How much time do you invest in relationship-building with a new horse prior to riding?

This is a great question! I love how people in general are thinking about the relationship more these days especially before swinging a leg over!


The short answer to this question is: as long as it takes…


The long answer is this:


There are many things I would consider prior to riding a young horse. Not just the relationship.


More broadly I consider the three fundamentals:




And all three of these things help to build the relationship. I don’t specifically work on the relationship as such.


For example: I don't specifically set out to work on my relationship with my husband. We do fun stuff together, we communicate clearly with each other, we each have our own needs met, and I feel safe that I can share my feelings with him and he will listen. As a result, our relationship deepens. When we have new, even challenging experiences together, our relationship deepens further.


I know that obviously a horse/human relationship is different to a human/human relationship but I’m just using the metaphor to demonstrate that we don’t need to specifically/directly ‘work’ on the relationship to improve it.


With horses, I work on the communication & confidence and the connection/relationship develops.


There are definitely things you can do to help the relationship, and I talk about this using the Relationship Bank Account analogy in the free Connection & Communication mini-course (link in bio).


For a young horse, I need the communication and confidence to be very good before I will risk my body on their back:



  • Can I clearly state a boundary with that horse?
  • Can they happily lead with me way out in front keeping the same distance?
  • Can they happily lead with me by their side with little use of the leadrope?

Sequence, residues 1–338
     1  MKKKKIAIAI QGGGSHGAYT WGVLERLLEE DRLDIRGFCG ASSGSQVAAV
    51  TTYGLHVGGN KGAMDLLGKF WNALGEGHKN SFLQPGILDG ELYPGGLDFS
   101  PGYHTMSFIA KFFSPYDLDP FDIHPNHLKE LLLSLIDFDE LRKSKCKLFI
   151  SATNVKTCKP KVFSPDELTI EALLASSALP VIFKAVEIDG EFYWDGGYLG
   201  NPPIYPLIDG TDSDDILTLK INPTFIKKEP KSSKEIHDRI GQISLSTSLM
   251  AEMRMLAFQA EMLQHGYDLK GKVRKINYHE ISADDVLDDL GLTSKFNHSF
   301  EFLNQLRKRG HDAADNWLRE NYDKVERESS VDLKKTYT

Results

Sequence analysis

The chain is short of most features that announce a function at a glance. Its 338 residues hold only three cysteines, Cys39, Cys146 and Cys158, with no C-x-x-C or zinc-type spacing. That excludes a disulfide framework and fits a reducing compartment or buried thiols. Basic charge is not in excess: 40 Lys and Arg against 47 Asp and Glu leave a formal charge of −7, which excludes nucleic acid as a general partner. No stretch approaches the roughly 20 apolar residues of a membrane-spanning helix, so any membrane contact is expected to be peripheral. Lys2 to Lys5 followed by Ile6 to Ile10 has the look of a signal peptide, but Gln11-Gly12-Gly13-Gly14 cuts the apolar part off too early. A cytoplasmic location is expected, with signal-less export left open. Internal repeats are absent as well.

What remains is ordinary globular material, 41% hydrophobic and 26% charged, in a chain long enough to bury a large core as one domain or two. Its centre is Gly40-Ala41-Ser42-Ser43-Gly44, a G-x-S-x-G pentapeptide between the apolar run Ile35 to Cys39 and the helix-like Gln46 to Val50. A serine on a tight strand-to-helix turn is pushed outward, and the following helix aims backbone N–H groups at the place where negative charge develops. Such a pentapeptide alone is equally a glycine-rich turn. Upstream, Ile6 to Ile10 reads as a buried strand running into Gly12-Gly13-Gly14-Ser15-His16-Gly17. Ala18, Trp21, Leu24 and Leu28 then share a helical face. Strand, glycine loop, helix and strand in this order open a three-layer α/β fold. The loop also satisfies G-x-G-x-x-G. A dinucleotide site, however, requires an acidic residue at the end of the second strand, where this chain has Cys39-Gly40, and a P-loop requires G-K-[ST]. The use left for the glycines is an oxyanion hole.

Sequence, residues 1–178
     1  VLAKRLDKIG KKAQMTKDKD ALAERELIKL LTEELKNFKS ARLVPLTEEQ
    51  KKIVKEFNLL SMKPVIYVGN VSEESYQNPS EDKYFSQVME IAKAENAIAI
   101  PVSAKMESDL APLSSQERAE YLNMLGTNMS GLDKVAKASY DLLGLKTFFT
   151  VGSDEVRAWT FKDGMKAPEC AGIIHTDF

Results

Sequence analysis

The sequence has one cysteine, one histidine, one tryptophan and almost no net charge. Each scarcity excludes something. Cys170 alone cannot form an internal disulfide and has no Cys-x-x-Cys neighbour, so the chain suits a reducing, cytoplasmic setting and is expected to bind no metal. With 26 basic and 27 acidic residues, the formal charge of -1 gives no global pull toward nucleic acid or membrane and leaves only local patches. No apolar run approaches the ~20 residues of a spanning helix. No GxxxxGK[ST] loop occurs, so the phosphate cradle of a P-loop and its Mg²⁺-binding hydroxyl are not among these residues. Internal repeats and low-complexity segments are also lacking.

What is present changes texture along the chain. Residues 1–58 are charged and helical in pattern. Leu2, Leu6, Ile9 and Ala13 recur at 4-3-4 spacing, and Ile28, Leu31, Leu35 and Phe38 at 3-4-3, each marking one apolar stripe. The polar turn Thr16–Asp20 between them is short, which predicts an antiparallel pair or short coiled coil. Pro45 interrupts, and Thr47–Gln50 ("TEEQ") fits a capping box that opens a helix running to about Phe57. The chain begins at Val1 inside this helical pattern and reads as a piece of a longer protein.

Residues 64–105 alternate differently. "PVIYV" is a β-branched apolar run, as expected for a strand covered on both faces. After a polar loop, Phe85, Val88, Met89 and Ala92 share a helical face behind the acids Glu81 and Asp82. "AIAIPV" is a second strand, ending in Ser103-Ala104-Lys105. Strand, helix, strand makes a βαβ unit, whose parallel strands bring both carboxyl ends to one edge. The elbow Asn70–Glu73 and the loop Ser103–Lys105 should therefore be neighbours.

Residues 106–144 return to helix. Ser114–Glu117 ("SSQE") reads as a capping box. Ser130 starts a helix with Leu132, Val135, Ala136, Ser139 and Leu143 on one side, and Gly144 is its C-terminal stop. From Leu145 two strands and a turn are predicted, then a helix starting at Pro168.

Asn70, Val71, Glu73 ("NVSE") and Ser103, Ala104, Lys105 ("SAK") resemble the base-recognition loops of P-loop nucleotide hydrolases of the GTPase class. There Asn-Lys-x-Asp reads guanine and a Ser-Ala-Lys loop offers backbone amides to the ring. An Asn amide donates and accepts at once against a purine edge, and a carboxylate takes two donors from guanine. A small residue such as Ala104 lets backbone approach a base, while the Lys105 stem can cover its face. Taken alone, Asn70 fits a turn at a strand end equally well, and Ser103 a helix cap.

• Can I move them backwards with light touch?
  • Can I move their hindquarters and forequarters with light touch?
  • Can I lower their head with light touch?
  • Can I move them backwards with a body language cue?
  • Can I move their hindquarters and forequarters with a body language cue?
  • Can I laterally flex their neck left/right?
  • Can I get an appropriate response to all the ridden cues on the ground (before trying it when riding)?



  • Can I rub my hands, stick, and flag all over the horse without them worrying?
  • Can I swing a leadrope/string over their neck, back, rump, legs?
  • Can I wave my stick flag around the horse, in the area of the saddle etc. without them worrying?
  • Can I do the above in motion? 
  • Can I take the horse into new areas and the communication doesnt break down?
  • Is my horse 100% comfortable with the tacking up process- bridle, halter, bit, saddle, saddle-pad, birthing etc.
  • Is my horse relaxed and happy at the mounting block, able to stand still and can put some weight in the saddle without them moving off?

If the answer is no to any of the above, that is the thing that I work on until it is reliably good. That is, it’s good every time I bring them out- not just once. But consistently good.


This is also not an extensive list and by no means is a list of steps to start a horse under saddle- this is a whole topic in itself and not my scope of practise.


Once those the things are reliably good, the connection is usually there. 


Clues for me that the CONNECTION is there are:

  • The horse looks to me for guidance.
  • The horse responds to the lightest of cues- both from light touch and body language.
  • The horse is interested in the conversation rather than zoned out/shut down/bored.
  • The horse is relaxed in my presence and confident/curious about new things.
  • When I reach out my hand, the horse physically connects, like saying hello
  • If I were to take the gear off, the horse would be comfortable staying with me


So in answer to the question, I would take as long as it took to get all the above good before I ride that young horse. That way I’m taking less of a gamble when I swing the leg over because I know that horse and I have a solid relationship based on the fundamentals of CONNECTION, CONFIDENCE, & COMMUNICATION.


And then, on any given day, I don't just assume that those fundamentals are there. Just because they were there yesterday, doesn't mean they are there today. Especially with a young/green horse, they need to be established and checked over and over before they are reliable.


In general, before I hop on any horse, I ask myself these this:

Is this horse relaxed and responsive?

If there is any hesitation to answering yes to that question, they're not ready to ride and I need to keep working on the fundamentals until they are.


And if you want to learn how to actually do the fundamentals, I teach them in Horsemanship Fundamentals Academy (click here to learn more)







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